B2C: after a year of storms

The last 12 months have seen the European business-to-consumer Internet sector rise and fall on a huge wave of sentiment. A...

The last 12 months have seen the European business-to-consumer Internet sector rise and fall on a huge wave of sentiment. A report from investment bank JP Morgan tries to put it in perspective. Toby Poston reports

The valuations of European business-to-consumer (B2C) companies soared to ridiculously high levels at the beginning of this year, fell back as most people expected, and then remained stagnant for a number of months, until the sharp drops of recent weeks.

Most of us are struggling to predict what will happen next to this volatile market. However, a recent report from the global Internet equity research team at investment bank JP Morgan tries to set out some of the fundamentals of the European B2C market. It focuses specifically on European ISPs and portals, which it believes are the major constituents of the B2C sector in Europe.

The report makes four key conclusions:

The Internet phenomenon is here to stay

"The Internet is not a technology but a platform which connects every networked device and will force convergence by delivering voice, video and data through one channel. B2C is not an inherently bad business, it is just hugely difficult: the only assets are intangible; narrowband infrastructure sucks; the marketing is hellishly expensive; and getting the technology right is problematic. Broadband should act as the catalyst for a new economic model driven by increased user utility. Specifically, content subscription packages will become a key source of revenue for portals and vortals."

Three tiers of players are emerging in Europe

"Tier one represents scaled multi-platform portals, which we believe have the strategy and leverage to go it alone.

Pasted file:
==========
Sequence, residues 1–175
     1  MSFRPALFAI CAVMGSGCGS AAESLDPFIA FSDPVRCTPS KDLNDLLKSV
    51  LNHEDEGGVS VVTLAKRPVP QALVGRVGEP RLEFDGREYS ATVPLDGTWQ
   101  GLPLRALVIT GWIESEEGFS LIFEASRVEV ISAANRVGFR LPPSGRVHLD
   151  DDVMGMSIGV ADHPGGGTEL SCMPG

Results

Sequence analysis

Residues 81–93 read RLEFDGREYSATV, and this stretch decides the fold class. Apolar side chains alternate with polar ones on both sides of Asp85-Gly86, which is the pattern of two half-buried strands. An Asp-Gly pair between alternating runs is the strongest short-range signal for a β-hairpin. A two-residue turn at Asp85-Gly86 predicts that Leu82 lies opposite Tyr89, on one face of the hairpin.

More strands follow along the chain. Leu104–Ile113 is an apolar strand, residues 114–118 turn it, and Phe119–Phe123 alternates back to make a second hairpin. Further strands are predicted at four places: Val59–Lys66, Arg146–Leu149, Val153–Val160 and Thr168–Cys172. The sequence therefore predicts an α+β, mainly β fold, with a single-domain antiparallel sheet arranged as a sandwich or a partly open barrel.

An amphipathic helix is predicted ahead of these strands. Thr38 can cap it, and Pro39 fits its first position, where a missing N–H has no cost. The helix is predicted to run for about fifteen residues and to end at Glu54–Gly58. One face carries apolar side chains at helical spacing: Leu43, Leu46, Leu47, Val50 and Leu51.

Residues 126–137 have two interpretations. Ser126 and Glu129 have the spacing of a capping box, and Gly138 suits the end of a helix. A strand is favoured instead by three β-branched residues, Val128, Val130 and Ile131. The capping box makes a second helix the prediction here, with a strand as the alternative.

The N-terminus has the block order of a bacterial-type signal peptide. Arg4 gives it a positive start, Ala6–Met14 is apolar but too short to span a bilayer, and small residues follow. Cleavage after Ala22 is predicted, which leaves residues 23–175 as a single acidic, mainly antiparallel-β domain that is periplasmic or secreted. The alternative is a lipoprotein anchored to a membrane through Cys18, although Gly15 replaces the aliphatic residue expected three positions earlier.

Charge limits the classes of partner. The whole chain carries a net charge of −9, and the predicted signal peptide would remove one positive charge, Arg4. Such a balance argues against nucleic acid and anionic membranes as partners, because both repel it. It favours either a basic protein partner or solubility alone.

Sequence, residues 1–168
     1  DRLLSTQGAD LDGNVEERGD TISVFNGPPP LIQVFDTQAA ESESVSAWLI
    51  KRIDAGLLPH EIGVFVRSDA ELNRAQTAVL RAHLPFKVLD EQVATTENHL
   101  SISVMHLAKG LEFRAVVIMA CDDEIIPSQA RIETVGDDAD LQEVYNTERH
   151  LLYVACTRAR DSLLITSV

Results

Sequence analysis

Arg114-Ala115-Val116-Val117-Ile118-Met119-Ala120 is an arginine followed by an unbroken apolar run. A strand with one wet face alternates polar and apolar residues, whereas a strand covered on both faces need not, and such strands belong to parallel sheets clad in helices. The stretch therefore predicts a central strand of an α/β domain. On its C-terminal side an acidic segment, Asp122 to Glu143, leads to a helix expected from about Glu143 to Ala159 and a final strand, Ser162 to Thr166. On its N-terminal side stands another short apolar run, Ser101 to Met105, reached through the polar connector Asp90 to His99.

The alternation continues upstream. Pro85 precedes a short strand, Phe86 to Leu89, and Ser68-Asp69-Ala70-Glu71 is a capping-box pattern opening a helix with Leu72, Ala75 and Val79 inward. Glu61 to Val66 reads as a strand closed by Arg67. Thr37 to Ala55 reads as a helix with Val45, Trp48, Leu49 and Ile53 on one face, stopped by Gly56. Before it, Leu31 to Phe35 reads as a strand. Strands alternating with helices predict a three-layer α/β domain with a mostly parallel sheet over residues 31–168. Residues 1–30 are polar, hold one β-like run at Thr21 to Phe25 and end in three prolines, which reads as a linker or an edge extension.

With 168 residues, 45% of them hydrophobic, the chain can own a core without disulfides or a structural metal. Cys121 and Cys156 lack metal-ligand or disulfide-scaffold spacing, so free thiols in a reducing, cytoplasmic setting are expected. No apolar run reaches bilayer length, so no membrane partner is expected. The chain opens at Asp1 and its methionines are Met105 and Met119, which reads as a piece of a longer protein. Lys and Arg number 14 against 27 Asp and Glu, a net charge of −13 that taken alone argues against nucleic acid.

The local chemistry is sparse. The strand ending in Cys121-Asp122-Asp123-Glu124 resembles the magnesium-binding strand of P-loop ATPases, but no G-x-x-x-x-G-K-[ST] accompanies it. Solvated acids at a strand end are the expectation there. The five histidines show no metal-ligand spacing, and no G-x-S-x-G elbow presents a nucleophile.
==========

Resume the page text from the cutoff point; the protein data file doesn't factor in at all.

Tier two comprises businesses we consider need to build strength either in multi-platform capabilities or in online content. We expect these businesses to be net buyers of assets. Tier three includes those companies that we believe lack scale and need to ally with other players, connectivity or content backed, to enable them to compete."

The major European ISPs/portals remain overvalued

"Valuations discount growth but ignore the risk in creating online businesses. At a median of £2,735 per current subscriber and £1,819 per current user, there is a major dislocation from US peer valuations and revenue /profit potential.

"Even the best of breed US portals - Yahoo, for example - trade in the region of only £705 per user. The valuation of the telco-backed ISPs/portals - Tni.it and Wanadoo in particular - will depend increasingly on their SME/SOHO/B2B (small and medium enterprise/small or home office/business-to-business) strategies."

All the players - online and offline - have overestimated their ability to create online properties "Offline players have windows of opportunity, not structural advantages, created by their brands and cash piles. 'Dot.coms' have no legacy positions to protect and know how to use the medium but cash is short and their ability to raise new funding is limited.

"We expect a continuation of the trend towards the creation of global convergent powerhouses in the coming months alongside smaller online-offline partnerships designed to lower customer acquisition costs, develop brands offline and build technology and site functionality advantages.

"In our view, global entertainment companies - the broadband content providers - hold the key to the next phase of the Internet's development. However, entertainment industry economics face a severe test in the coming months as the traditional gatekeeper role is threatened with 'dis-intermediation' and the economic model shifts to non-exclusive, subscription-based agreements with online aggregators and risk-sharing agreements with talent. Whether the major entertainment companies embrace the shift, try to hold it up, or ignore it is critical for the Internet's broadband development."

The report is very clear about what it sees as the criteria for success in the online world. One of the main characteristics of the B2C sector is that there are very few physical barriers to entry, apart from the ability to physically distribute products.